Generation Mining says it is making headway on the development plan for its Marathon palladium-copper project, in north-western Ontario, Canada, having contracted all the major engineering companies for the study.
The study is expected to take around seven to eight months to conclude, with completion expected in early 2021, it said.
G-Mining Services will carry out the mine plan and mineral reserves, infrastructure scope of work and integration of the costs and economic analysis; Ausenco Engineering Canada is progressing the process facility layout and design based on the metallurgical testing that is currently underway at SGS-Lakefield; and Knight-Piesold is to design the tailings facility and open-pit geotechnical engineering. In support of the feasibility study and environment impact interactions, Stantec and Ecometrix P&E Mining Consultants will be responsible for the mineral resource estimate, the company said.
Jamie Levy, President and Chief Executive Officer of Generation Mining, said: “It is a very impressive team that we have assembled for the feasibility study. I am confident that these firms will optimise the value of the Marathon-PGM property and will continue to de-risk the project.
“Our goal is to maximise the net present value of the project while designing an operation which will minimise environmental impacts and provide economic benefits to the local communities. We see the Marathon project being near shovel-ready and well timed to the buoyant palladium market.”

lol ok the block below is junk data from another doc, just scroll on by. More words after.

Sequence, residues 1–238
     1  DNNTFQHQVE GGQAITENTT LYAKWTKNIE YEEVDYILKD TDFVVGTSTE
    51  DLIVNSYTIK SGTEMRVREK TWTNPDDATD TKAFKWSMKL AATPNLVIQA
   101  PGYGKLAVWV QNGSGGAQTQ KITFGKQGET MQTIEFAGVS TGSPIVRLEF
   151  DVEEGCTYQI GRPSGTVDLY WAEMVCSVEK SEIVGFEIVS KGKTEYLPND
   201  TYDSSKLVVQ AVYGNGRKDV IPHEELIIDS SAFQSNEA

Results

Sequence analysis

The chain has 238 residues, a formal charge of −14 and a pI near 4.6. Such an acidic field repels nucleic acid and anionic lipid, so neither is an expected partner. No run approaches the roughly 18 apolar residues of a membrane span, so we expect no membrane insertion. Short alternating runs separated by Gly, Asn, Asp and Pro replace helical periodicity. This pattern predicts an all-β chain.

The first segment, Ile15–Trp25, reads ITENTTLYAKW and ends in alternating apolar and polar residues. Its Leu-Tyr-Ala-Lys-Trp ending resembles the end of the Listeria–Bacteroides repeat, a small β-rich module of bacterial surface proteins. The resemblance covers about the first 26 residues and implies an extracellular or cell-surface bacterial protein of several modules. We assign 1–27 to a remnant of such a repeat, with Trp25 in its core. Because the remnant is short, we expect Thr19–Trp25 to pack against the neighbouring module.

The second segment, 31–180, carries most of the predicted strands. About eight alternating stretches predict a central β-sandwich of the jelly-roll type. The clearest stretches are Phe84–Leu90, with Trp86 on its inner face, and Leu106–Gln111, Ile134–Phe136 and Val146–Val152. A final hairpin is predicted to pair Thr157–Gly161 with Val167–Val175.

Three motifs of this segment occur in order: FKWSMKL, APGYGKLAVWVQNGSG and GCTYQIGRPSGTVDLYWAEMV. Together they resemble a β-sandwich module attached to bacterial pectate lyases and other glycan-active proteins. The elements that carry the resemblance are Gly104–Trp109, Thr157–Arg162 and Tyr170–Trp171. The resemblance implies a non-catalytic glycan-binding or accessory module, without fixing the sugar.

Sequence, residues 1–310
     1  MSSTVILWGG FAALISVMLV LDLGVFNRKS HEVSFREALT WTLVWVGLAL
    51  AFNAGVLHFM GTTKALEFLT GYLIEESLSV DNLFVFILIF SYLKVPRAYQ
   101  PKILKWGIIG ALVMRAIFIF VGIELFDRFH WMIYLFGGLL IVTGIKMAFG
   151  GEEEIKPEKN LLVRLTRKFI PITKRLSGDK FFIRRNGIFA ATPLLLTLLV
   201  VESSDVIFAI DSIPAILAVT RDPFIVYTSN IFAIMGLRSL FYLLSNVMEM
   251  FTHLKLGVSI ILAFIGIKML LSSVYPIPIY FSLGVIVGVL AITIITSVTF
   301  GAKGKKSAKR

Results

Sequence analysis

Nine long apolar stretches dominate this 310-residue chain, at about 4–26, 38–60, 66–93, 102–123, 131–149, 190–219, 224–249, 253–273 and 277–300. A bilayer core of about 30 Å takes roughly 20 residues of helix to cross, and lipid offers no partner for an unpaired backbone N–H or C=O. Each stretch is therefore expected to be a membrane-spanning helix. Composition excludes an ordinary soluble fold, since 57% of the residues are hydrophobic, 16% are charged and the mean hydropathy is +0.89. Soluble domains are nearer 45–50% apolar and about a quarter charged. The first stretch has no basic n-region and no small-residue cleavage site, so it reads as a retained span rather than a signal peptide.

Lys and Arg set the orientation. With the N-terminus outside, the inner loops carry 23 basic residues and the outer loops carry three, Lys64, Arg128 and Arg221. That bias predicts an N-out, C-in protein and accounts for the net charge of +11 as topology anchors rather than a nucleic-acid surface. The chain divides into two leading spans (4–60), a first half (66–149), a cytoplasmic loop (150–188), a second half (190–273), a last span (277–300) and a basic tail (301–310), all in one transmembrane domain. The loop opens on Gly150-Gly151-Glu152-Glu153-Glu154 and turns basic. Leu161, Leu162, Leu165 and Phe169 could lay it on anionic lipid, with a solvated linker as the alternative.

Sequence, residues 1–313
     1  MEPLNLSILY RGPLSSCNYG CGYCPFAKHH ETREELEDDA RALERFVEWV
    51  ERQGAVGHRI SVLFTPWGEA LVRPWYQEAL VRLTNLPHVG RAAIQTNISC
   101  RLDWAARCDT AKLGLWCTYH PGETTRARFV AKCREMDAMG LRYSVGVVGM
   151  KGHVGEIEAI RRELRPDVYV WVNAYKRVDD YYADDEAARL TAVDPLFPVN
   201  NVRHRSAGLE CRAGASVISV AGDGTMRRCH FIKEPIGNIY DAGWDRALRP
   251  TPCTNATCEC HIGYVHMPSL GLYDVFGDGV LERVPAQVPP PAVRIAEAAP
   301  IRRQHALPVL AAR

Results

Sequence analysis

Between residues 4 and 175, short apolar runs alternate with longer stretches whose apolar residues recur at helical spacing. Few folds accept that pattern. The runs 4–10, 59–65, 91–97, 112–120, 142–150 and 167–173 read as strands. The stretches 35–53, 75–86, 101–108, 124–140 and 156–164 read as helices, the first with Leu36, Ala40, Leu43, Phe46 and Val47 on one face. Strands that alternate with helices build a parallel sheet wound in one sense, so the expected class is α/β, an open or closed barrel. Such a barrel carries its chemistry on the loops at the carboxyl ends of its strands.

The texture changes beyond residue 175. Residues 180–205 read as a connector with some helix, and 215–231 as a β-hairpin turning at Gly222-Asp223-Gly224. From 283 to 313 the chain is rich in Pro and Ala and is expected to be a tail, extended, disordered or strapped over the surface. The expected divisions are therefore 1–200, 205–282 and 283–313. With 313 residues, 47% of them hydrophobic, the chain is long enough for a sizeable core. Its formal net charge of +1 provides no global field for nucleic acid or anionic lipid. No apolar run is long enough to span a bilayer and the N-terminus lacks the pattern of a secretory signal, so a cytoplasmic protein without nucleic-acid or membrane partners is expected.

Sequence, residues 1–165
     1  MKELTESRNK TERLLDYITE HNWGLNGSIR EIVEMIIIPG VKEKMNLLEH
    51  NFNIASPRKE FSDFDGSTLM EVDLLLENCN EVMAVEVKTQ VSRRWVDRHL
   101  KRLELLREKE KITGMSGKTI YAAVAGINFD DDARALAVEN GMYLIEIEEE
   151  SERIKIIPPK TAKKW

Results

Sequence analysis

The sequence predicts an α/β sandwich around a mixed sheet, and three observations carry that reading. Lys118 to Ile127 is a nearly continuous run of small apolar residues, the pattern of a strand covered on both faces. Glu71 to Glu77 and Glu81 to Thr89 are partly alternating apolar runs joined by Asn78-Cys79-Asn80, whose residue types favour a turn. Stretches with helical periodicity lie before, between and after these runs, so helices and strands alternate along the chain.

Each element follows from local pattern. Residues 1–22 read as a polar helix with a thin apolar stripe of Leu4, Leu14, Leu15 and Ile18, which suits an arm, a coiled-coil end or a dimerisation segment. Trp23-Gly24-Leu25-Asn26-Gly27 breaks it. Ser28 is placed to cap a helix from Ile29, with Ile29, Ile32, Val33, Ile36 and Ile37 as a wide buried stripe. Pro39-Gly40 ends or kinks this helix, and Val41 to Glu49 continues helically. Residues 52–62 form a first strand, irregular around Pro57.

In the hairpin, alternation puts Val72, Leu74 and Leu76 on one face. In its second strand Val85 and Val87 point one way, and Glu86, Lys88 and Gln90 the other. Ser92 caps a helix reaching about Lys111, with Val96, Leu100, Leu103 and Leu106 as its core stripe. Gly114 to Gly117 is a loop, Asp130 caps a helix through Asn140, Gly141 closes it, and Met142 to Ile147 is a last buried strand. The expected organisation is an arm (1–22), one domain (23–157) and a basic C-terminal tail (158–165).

Generation Mining acquired a 51% interest in the Marathon property from Sibanye Stillwater on July 10, 2019, and can increase its interest to 80% by spending $10 million over a period of four years. As of the March quarter, around $4 million of the $10 million has already been spent.
A preliminary economic assessment on Marathon published earlier this year outlined a 14,000 t/d open-pit operation growing to 22,000 t/d after expansion, with an average palladium output of 107,000 oz/y for 14 years. The open-pit mining would be owner-operated using conventional diesel equipment consisting of 254 mm diameter rotary drills on 10 m high benches, 29 cu.m bucket hydraulic excavators, and 221 t off-highway haul trucks and auxiliary equipment, according to the study.
On the feasibility study, Generation Mining said all groups were “integrating well” through good interactions and frequent communications.
“G-Mining will progress pit designs and sequencing that will prioritise the high-grade palladium values for initial production to bring increased palladium production into the first half of the mine life, and increase copper production in the mine’s later years,” the company said.
“Ausenco’s plant design is expected to update the quality work that was done in prior studies with newer technology, which, in turn, will improve concentrator operability and lower capital costs, while increasing palladium recovery without sacrificing copper recovery. This flowsheet is expected to be validated with the current metallurgical test work that is progressing at SGS-Lakefield.
“Knight-Piesold will be updating the past tailings dam designs to reflect current best available practices and technologies.”
Stantec and Ecometrix are involved in the feasibility study team to help facilitate the update of the Environment Impact Study report addendum and to help inform the critical path regulatory approvals process, the company added.
At this early stage, the work on the feasibility study will consider an optimised processing and mine production rate that is “more aggressive” than outlined in the PEA, the company said, contemplating starting at 5 Mt/y and expanding to 8 Mt/y after five years.